Jan. 28th, 2017

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The other day I was talking to someone who is writing a novel. She told me about some advice she'd gotten from the spouse of a published writer. So, someone who wasn't actually a writer but felt qualified to give advice about writing because her husband was.

I can't remember all of the horrible advice this totally-not-qualified person gave my friend, because there was so much of it, but two things leaped out. The first, to strive to have as little dialogue as possible. Why? Because, she said, dialogue did nothing to develop the characters or move the plot. The second, never have any of your characters swear. Ever.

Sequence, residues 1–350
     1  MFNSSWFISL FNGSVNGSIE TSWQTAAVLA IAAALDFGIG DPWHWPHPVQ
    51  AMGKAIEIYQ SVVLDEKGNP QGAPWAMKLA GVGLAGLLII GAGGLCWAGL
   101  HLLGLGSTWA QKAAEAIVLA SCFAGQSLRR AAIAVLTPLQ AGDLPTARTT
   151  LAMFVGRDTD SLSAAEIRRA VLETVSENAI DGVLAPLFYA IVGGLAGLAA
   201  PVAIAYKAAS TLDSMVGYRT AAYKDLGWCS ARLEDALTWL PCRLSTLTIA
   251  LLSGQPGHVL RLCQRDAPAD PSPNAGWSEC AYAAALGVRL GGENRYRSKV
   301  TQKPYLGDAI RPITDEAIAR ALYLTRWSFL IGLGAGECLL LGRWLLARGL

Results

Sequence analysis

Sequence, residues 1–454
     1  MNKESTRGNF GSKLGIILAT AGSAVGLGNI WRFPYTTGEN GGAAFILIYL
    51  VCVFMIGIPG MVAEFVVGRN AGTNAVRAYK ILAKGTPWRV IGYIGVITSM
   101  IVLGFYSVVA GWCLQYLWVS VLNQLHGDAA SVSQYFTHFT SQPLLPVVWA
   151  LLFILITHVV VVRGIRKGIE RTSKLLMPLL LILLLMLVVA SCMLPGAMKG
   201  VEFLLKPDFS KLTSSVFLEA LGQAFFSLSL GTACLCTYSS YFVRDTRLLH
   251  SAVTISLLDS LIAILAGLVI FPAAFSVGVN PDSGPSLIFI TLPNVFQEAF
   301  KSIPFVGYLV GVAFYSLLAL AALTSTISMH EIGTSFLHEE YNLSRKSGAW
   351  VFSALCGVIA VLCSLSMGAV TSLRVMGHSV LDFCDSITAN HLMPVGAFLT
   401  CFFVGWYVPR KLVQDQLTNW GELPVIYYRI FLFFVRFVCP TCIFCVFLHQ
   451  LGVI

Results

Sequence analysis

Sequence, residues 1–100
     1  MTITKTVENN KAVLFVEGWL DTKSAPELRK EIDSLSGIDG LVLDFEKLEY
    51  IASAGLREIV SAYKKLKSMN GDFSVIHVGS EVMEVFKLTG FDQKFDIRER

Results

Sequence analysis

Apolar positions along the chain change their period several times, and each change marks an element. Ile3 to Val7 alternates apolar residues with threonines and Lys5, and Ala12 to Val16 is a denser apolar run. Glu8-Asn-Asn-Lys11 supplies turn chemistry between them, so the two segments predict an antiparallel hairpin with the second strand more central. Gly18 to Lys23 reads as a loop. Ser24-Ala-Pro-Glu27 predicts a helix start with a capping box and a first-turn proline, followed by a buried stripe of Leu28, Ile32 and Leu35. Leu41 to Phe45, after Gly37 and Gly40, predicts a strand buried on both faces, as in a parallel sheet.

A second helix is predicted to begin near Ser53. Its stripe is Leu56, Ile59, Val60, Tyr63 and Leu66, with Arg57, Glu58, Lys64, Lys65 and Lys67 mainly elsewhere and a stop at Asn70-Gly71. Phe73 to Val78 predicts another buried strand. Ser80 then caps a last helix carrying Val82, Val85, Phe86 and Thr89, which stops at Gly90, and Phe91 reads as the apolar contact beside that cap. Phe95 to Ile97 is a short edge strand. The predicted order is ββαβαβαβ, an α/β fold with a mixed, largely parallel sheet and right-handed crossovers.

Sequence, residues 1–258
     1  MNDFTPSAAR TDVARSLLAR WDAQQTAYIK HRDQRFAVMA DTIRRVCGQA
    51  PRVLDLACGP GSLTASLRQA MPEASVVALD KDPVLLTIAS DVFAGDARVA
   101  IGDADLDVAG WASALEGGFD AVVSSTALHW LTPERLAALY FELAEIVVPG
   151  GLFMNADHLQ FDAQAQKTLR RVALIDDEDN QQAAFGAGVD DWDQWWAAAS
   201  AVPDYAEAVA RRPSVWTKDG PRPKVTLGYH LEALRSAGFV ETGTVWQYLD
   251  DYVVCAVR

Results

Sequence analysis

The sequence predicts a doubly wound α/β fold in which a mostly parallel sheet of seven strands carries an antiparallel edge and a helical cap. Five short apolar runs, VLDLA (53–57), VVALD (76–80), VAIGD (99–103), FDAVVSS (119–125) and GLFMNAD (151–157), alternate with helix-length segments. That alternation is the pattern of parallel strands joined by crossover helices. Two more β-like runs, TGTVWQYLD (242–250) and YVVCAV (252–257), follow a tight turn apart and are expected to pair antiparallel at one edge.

Did I mention my friend's novel takes place in the military, and she served in Afghanistan?

I was horrified and told my friend to dismiss anything the other woman told her, because it sounded more like a description of her personal tastes than an objective view of good writing.

Fortunately, my friend is reading a bunch of novels that use military characters and has seen that not only is there a lot of dialogue, but there is a lot of swearing. That's why people need to read books and not just rely on advice. There's a lot of BS out there and reading will tell new writers how to recognise bad advice.

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